The plays of Shakespeare are not novels or even short stories. They are studied as literature (and rightfully so as it is some of the finest writing in the English language) but they were never intended to be read; they were meant to be PERFORMED. As a dear friend of mine so rightly explained it,

“It (Shakespeare’s work) is daring and passionate and scary and dirty and mean and poetic and dangerous and romantic…it’s supposed to live and breathe and weep and bleed and sigh….the text is just the blueprint of the building not the building itself…it’s a guideline for how it’s supposed to be done…it doesn’t tell you what color things are, what materials it’s made of, what kind of furniture and lighting is going in there, how warm or cool the temperature is..it’s nowhere near the final, finished product…it was never meant to simply be read…it was intended to be seen and heard…the full production IS the finished product!”

So consider what we have for you here tonight as a trip to the building site. It is a bit better than just looking at the blueprints, but it is not the finished building. A staged reading is a strange animal. It is a performance but not a complete one. You are visitors at what can only be described as an early rehearsal for the play. We will do our best to give you a sense of performance but our scripts are still in our hands…we’re still reading. I feel that this particular play, Love’s Labour’s Lost, is uniquely suited for this form. There are no big battle scenes; no sword fights. It is charming witty people saying charming witty things. I promise you will find something to amuse you. You will be entertained and you will have a better idea of what Shakespeare is like than reading it off a dry and dusty page.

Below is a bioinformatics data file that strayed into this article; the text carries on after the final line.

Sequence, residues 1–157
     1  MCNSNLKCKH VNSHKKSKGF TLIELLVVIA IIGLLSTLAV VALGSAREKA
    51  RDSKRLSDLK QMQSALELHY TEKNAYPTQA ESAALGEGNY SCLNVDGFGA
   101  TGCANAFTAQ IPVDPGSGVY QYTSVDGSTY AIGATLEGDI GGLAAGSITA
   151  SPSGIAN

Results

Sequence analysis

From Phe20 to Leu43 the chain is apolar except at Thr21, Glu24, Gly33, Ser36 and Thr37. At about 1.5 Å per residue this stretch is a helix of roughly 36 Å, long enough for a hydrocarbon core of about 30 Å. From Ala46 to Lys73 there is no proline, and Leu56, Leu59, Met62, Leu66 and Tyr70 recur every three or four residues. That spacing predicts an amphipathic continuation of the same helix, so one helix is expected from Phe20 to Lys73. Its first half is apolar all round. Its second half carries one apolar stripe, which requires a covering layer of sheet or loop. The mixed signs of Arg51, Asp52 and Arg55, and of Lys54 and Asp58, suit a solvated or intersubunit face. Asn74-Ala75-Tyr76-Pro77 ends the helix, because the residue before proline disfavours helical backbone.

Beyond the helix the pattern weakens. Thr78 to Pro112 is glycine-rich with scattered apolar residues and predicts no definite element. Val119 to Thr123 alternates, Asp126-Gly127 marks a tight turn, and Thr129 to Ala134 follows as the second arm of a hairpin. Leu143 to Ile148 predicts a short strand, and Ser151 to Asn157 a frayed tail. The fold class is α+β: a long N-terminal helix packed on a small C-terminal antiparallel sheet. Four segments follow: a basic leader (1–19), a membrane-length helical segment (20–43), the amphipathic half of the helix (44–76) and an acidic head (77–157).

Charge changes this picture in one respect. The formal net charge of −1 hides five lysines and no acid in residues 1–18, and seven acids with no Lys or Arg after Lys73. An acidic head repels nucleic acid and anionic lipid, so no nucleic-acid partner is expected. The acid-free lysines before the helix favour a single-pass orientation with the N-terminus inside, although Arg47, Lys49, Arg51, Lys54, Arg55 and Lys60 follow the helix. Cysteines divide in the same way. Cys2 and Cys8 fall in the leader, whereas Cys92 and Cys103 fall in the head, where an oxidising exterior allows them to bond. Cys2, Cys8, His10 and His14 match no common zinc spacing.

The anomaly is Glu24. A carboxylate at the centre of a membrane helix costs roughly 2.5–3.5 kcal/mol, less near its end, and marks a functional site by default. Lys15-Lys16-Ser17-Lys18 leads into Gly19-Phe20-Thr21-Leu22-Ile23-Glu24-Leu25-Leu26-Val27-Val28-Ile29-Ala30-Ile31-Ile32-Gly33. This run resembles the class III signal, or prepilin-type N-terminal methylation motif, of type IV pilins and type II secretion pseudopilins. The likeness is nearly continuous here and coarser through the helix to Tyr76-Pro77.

But it is not the last word; not the finished product. If you like our efforts, I implore you to seek out full productions. They can be found ranging from elaborately produced extravaganzas with sumptuous costumes and massive sets to bare bones efforts with a couple actors and a stool representing a castle. All are worthy of your attention.  Only then can you see the full majesty of the Bard. The play IS the thing. Go and see as many as you can.

~Scott Free~